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Ottobiography, Volume 1 - Meet Otto!



As many of you may already know, Southwest Airlines has developed a unique partnership with a nationwide non-profit organization that provides service animals free of charge to those in need. Southwest has given Canine Companions for Independence the opportunity for all of their service dogs in training to fly with us as if they are fully-trained service animals—allowing Canine Companions volunteer puppy raisers a chance to fly without a pet fee. Thanks to our Frontline Employees the partnership has been an incredible success.


After researching Canine Companions for a blog post earlier this year, my interest in getting involved with an organization that my Employer also supported started to grow. In March, I was invited to attend a tour of Canine Companions’ newest regional facility, the Kinkeade Campus, in Irving (about 10 minutes from SWA HDQ)—where I completely fell in love with the organization and knew I had to get more involved.


As a non-profit organization, Canine Companions relies almost entirely on volunteerism from supporters. Volunteering for Canine Companions takes on many different forms, from monetary donations, to time spent at puppy spa sessions (bath time!) at a regional campus, puppy raising, breeding, and beyond. I felt called to immerse myself in Canine Companions, so I decided to make the ‘sacrifice’ of raising one of their puppies from eight weeks old to two years old.


Volunteering as a puppy raiser is an enormous commitment, as you devote almost two years to developing a growing service animal, teaching it basic obedience and service commands, socializing it in preparation for being a service animal, and generally spend 24/7/365 with a dog that is not your ‘pet’. It also required a lot of buy-in from my significant other and family, my Department and Executive Leaders, and essentially the entire HDQ and TOPS staff (as the pup is expected to come to work and be socialized in workplace environments as well). So, after the initial decision, multiple sign-offs from everyone we’d encounter, and an intensive application process with Canine Companions, we welcomed Otto to the (Southwest) family!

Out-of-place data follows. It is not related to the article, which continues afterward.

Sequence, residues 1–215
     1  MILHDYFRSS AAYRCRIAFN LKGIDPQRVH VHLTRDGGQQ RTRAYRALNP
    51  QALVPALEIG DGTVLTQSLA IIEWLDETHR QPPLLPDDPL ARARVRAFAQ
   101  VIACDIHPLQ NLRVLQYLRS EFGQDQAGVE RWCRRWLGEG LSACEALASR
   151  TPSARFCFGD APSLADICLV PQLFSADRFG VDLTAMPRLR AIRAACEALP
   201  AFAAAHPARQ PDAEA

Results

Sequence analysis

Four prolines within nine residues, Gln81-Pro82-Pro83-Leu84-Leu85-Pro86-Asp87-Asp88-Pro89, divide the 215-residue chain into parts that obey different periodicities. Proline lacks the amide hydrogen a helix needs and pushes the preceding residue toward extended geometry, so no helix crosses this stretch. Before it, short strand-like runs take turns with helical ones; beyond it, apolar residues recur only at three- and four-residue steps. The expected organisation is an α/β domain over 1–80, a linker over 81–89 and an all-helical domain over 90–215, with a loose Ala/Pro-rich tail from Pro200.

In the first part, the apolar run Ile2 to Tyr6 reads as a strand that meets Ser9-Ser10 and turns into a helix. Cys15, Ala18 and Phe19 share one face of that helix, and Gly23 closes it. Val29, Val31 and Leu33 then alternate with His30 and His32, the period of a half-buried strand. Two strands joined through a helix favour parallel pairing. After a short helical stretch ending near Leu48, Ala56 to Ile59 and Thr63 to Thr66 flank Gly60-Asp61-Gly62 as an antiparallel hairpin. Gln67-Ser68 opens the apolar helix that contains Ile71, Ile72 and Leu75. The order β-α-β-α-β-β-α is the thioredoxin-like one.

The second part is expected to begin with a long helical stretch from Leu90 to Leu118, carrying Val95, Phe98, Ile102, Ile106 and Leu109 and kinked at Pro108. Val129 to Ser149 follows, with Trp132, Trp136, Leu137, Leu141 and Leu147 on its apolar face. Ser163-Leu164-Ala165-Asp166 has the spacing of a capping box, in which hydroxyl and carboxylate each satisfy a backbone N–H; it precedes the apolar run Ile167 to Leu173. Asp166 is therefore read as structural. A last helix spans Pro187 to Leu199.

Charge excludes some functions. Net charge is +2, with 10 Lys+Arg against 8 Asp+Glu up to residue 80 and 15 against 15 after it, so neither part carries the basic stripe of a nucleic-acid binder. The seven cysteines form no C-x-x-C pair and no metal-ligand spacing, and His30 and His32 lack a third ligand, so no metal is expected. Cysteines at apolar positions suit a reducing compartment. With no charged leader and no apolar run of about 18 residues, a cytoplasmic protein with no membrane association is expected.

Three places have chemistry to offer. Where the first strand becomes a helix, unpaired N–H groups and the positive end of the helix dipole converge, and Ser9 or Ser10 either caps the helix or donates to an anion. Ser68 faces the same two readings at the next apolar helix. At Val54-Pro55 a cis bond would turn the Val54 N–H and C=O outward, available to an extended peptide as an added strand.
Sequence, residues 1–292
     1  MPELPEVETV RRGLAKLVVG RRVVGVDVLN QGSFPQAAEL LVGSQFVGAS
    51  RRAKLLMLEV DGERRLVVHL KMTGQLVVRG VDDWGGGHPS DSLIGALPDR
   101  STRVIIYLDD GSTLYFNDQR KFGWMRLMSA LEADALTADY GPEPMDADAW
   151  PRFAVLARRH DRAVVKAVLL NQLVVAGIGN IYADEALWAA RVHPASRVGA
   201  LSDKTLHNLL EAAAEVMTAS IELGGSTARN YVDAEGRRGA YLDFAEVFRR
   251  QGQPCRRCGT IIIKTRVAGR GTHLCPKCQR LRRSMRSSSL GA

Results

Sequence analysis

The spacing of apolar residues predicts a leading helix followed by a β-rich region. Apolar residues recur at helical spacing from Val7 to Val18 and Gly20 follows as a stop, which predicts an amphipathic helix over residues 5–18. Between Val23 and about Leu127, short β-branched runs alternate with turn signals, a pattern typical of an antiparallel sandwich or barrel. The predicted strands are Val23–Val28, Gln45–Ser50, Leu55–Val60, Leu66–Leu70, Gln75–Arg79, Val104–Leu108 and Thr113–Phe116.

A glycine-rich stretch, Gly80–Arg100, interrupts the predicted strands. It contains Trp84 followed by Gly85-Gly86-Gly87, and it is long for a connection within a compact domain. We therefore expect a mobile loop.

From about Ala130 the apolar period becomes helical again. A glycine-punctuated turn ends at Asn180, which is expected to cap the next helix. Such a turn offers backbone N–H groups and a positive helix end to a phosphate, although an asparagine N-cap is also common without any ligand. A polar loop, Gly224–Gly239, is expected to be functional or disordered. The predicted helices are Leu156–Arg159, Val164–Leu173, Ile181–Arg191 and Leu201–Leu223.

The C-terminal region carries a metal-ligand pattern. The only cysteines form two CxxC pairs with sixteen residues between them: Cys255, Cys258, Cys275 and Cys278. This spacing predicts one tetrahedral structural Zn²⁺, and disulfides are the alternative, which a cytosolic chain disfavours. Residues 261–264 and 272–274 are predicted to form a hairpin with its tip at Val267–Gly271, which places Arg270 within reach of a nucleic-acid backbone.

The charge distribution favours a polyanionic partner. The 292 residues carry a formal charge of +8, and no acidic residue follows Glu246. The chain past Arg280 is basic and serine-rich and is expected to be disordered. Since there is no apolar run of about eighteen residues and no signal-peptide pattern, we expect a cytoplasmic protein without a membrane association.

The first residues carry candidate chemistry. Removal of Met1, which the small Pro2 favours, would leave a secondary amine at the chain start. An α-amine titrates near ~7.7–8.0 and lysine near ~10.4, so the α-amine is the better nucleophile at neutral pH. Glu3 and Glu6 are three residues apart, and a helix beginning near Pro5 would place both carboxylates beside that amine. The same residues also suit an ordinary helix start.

Having an infant/toddler puppy at work is certainly a privilege, but I assure you it’s not always fun and games. While at work and donning the Canine Companions service vest, Otto is considered a ‘working dog’ and is expected to follow basic behavioral and social rules while on the Southwest campus. We spend time learning about new environments (Carpet! Elevators! Stairs! Meetings! People everywhere!) and practicing commands in distracting environments. Otto has mastered sit, down, shake, wait, stand, let’s go, and hurry (which mean go to the toilet on command, outside). He must also have appropriate play behavior during our structured play time each day, and of course napping—his #1 skill right now.



Having a service animal in training at work hasn’t just been a win for Canine Companions, but it’s also help set Southwest up for success in the work place. We will be better prepared for an Employee with a service animal working at HDQ and TOPS; Employees will already be familiar on how to interact with a working service dog and relief areas will have already been established.

Although having Otto present at work each day may be a one-time opportunity, there are Employees across the network who also are involved with Canine Companions, including volunteer puppy raisers in workgroups like Tech Ops and Flight Ops! You don’t have to be a puppy raiser to get involved either, there are opportunities at each region across the network (for Texas’ South Central Region, consider North Texas Giving Day or DogFest Walk ‘N Roll—Team Otto).Just visit to find your nearest region and find out about opportunities for you to get involved.


I hope you enjoyed this post; the first in a quarterly series about Otto’s time at Southwest. Stay tuned for future installments of the “Otto-biography”—including some written by Otto himself!